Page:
TOKYO: Effissimo Capital Management has gained further backing in its push for a probe into Toshiba, but big stakes built up by investors like BlackRock have raised questions over how much influence it and other activist shareholders will ultimately wield.
Glass Lewis became on Friday (Mar 5) the second major proxy adviser to recommend shareholders vote in favour of an independent investigation into allegations that investors were pressured ahead of last year's annual general meeting.
Singapore-based Effissimo, which is Toshiba's top shareholder with a 9.9 per cent stake, made the proposal after investor complaints about the last AGM.
Reuters has reported the Harvard University endowment fund had been told by a Japanese government adviser that it could be subject to a regulatory probe if it voted against management at the AGM. The fund abstained from voting as a result and later learnt there was no basis for any probe, sources have said.
Toshiba conducted its own investigation into complaints about last year's AGM and found it was not involved in any effort to pressure the Harvard fund. It did not reach a conclusion as to whether there had been any pressure.
The vote about the proposed independent investigation will take place at an extraordinary shareholders' meeting on Mar 18.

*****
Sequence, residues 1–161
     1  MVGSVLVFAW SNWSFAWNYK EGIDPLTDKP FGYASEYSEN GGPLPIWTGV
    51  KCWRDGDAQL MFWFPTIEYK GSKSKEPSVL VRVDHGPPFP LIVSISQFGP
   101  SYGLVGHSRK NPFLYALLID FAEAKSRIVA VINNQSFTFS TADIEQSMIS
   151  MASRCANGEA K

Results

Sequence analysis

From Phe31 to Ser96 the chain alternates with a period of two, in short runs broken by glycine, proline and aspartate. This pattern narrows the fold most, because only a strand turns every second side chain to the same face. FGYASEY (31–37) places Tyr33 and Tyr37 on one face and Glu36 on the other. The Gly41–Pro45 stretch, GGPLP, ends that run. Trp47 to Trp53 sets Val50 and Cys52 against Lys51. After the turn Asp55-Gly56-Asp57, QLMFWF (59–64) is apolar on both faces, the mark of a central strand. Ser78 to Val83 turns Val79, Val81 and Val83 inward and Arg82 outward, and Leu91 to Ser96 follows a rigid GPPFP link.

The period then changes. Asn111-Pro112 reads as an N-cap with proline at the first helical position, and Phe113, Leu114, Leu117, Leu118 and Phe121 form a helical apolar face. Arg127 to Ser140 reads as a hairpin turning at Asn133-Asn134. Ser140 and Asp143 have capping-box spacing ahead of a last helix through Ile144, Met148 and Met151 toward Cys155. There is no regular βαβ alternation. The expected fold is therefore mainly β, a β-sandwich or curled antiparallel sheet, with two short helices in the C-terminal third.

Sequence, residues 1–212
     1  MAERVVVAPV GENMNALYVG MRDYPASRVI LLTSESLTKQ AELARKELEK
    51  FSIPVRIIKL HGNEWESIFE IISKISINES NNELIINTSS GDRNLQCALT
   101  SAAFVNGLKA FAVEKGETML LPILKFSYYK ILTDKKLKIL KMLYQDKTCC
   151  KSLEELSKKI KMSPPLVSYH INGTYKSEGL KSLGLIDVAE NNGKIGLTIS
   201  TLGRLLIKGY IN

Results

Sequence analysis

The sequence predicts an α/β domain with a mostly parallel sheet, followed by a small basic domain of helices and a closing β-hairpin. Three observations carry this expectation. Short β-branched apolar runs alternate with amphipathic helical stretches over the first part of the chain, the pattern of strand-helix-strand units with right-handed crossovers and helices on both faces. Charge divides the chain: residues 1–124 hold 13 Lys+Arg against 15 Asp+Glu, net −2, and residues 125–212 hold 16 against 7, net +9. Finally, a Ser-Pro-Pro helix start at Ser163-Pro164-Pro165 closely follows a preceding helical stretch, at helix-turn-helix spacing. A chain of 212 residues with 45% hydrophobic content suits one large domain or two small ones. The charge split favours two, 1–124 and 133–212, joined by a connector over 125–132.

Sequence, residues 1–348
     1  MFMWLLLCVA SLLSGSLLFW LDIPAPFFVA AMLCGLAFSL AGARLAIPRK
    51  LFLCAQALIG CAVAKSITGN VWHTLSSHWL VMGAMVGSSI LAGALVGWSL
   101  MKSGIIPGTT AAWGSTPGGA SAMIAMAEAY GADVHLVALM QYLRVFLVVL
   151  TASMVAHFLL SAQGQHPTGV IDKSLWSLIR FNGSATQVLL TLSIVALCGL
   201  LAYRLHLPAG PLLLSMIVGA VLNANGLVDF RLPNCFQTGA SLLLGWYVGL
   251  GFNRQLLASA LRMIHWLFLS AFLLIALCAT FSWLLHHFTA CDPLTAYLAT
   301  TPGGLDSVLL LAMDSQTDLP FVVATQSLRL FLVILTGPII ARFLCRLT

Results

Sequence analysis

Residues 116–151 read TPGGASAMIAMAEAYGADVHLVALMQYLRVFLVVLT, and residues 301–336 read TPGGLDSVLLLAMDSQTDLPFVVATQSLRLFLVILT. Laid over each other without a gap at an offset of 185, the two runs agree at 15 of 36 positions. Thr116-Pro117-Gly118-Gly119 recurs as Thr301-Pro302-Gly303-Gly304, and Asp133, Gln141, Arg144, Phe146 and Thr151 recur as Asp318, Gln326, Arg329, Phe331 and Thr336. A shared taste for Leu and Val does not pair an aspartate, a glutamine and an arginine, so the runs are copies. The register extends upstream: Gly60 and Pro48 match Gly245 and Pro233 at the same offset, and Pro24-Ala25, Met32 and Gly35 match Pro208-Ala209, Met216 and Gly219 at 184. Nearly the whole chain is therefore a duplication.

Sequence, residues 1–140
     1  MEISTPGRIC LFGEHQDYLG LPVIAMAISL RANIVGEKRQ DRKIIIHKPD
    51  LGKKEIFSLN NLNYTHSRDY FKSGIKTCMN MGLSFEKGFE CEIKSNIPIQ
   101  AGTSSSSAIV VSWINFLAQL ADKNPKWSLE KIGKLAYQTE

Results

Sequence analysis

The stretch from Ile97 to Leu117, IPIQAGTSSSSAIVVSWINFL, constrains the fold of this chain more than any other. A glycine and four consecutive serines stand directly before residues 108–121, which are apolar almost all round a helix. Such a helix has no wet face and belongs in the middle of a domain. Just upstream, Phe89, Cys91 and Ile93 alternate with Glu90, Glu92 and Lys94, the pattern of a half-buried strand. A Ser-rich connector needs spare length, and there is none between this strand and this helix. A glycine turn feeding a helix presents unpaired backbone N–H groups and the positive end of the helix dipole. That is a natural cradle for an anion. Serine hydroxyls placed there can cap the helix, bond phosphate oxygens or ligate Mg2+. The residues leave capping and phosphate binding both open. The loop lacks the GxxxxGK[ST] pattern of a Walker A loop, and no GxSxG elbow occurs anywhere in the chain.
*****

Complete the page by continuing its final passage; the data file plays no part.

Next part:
Activist investors are estimated to hold about 25 per cent of Toshiba's shares, and their dissatisfaction with management saw chief executive Nobuaki Kurumatani only narrowly hang on to his job with 57 per cent of the vote at the last AGM.
Toshiba, however, was reinstated in the Topix index on Feb 25, requiring index-linked funds to purchase its shares - a shift that is expected to dilute the influence of activist shareholders in the longer term.
Both BlackRock and Mizuho Financial Group have built stakes of 5 per cent in Toshiba, filings on Friday and late on Thursday showed - stakes which sources familiar with the matter said likely reflect the need to have shares on hand for their customers.
Toshiba shares jumped 6 per cent on the news.
But to vote at the Mar 18 meeting, shareholders need to have held Toshiba shares as of Feb 1. It is unclear at what point BlackRock and Mizuho began additional share purchases.
BlackRock and Mizuho declined to comment.
Toshiba had no immediate comment.
Glass Lewis also joined Institutional Shareholder Services (ISS) in recommending that a probe look into allegations of vote miscounting at last year's AGM.
Sumitomo Mitsui Trust Bank has acknowledged it made mistakes in the counting, but Effissimo says some irregularities have not been accounted for.
Unlike ISS, Glass Lewis also backed a proposal from United States hedge fund Farallon Capital Management, Toshiba's second-largest shareholder, which wants the board to present a five-year capital policy plan or make certain returns to shareholders.